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Education Lab is a project to spark meaningful conversations about education solutions in the Pacific Northwest.

April 16, 2014 at 5:00 AM

Suspensions and expulsions: A close look at nine districts

Screen grab

Screen grab of Washington Appleseed’s preliminary analysis for Seattle Public Schools. Go here for a full resolution version.

Last year, the nonprofit Washington Appleseed had a difficult time finding out exactly how many students are suspended or expelled each year in Washington state.

This year, with more data available from the state, it is putting together a still-incomplete, but much fuller picture, looking at patterns among the roughly 47,500 students suspended or expelled at least once in the 2012-13 school year.

This week, the group released an analysis of discipline data from nine school districts: Bellevue, Edmonds, Federal Way, Marysville, Olympia, Seattle, Spokane, Tacoma and Yakima.

Appleseed warns that the numbers are preliminary, so they might contain errors. It also cautions against reading too much into district-by-district comparisons because some districts report differently than others.

One salient example: Federal Way counts all the days expelled students are absent, and other districts do not. That’s why it looks like students in Federal Way miss much more school due to suspensions and expulsions than much bigger districts such as Seattle and Spokane.

With those warnings firmly in mind, however, the preliminary data do raise questions, such as:

Does Seattle really suspend or expel black and Native American students at five times the rate of white students? In the other eight districts, the rates appear to be much lower.

Did Tacoma and Spokane suspend or expel 10 percent of their students last year, and was the total in Yakima 13 percent? In Seattle, the preliminary data puts its total a little under 6 percent.

Appleseed says it is focusing on the bigger trends, which it considers more reliable:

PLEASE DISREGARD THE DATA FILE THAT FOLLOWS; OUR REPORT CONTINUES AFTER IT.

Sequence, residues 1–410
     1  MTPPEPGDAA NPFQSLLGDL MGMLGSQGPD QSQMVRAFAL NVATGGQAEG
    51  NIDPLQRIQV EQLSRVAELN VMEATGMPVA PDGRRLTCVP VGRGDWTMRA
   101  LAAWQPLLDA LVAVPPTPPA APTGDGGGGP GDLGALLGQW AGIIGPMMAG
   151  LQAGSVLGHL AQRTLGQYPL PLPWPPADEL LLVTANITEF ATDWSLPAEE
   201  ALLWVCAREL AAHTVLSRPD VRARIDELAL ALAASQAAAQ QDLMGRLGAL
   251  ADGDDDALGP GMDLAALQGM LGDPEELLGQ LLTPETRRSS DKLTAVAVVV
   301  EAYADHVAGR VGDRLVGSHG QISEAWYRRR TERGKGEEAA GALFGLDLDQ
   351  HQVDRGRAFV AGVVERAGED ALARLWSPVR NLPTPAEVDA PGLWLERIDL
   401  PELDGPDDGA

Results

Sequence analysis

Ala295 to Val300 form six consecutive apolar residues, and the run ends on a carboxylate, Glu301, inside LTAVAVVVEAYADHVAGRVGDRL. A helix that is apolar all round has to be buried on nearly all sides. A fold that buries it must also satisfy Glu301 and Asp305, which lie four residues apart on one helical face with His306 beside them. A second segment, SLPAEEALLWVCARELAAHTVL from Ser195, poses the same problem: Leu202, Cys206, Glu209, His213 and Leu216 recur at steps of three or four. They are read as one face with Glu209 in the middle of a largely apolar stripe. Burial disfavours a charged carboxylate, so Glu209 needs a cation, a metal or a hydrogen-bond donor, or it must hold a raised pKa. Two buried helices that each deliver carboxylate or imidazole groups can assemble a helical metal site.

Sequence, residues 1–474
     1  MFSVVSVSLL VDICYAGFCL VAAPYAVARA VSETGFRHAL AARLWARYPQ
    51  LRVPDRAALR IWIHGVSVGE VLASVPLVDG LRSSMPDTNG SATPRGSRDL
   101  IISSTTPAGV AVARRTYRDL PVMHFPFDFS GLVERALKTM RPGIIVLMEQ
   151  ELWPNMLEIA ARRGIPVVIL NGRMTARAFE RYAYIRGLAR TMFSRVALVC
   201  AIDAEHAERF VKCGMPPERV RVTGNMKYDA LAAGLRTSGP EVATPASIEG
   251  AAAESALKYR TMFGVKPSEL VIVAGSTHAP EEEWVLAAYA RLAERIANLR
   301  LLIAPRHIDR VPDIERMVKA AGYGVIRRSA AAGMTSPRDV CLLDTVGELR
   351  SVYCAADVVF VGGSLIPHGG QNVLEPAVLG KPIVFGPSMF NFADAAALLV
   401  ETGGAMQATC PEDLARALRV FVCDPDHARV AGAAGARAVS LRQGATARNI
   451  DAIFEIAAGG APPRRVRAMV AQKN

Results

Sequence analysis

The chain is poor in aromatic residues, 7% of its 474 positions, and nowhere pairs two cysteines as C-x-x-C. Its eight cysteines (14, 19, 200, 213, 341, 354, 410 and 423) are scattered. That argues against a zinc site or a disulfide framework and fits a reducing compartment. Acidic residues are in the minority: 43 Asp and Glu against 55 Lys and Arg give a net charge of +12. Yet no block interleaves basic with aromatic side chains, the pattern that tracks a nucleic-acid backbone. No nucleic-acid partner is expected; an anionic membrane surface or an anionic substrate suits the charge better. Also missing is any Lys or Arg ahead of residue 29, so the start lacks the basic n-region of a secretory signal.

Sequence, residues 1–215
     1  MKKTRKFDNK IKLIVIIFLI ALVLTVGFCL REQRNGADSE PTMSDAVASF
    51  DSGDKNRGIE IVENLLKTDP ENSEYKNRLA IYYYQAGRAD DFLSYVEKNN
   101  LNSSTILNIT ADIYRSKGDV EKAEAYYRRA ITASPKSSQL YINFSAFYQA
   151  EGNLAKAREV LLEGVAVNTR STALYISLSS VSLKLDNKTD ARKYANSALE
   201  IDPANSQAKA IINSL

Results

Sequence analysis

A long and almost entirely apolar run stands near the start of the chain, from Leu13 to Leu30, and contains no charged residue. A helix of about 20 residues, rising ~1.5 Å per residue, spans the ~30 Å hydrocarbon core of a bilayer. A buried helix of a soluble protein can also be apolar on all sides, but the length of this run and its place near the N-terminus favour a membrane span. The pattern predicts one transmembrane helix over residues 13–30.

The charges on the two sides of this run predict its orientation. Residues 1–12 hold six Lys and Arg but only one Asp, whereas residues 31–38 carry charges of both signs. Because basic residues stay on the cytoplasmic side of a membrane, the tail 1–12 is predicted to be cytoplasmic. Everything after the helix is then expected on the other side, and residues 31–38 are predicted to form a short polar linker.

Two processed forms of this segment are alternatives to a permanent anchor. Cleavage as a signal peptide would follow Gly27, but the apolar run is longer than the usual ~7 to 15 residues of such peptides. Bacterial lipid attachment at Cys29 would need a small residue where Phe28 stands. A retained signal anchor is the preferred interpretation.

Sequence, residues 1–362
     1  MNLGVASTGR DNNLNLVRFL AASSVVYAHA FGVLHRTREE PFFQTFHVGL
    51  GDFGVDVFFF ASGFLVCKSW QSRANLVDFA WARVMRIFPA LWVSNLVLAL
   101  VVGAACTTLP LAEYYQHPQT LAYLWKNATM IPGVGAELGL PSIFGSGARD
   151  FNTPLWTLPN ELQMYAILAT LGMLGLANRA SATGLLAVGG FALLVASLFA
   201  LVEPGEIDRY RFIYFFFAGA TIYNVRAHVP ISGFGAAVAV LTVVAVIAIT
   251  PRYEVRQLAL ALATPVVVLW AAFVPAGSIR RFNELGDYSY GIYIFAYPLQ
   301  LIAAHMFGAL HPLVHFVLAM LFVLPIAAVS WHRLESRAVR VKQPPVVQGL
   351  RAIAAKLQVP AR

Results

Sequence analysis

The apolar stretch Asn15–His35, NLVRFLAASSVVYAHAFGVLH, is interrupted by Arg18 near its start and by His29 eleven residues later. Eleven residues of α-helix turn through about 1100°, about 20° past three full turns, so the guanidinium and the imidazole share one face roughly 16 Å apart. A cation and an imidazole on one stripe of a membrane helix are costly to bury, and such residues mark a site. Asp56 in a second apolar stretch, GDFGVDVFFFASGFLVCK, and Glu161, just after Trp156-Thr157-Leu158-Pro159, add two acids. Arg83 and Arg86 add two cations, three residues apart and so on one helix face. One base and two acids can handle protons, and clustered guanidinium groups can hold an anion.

• Across all nine districts, black and Native American students are disciplined at a higher rate than their white and Asian counterparts. These districts, in other words, have the same patterns that are seen all across the nation.
  • By Appleseed’s count, students in special education also are more likely to be suspended or expelled than the average student, as are students in foster care, and those whose families are poor.
  • Many students are suspended more than once. To Washington Appleseed, that’s evidence that suspensions have limited value.
  • It looks like many students are suspended for minor offenses such as speeding in the parking lot, truancy or violating the school dress code. Appleseed said about half of the time, schools listed the reason for a suspension or expulsion as “other,” meaning it didn’t fall into one of the categories they are required to report, such as bullying, fighting, drug use, bringing a weapon to school, etc.

Appleseed, which works with lawyers and community groups to address social issues, is part of a coalition that lobbied for a new discipline law that went into effect last September. The new law limits suspensions and expulsions to one year, except for students who pose a safety risk. The new law also requires better data collection and requires districts to come up with a plan to help students re-enter school.

Public comment on rules for how the new law will play out are being accepted now.

Comments | More in News | Topics: discipline


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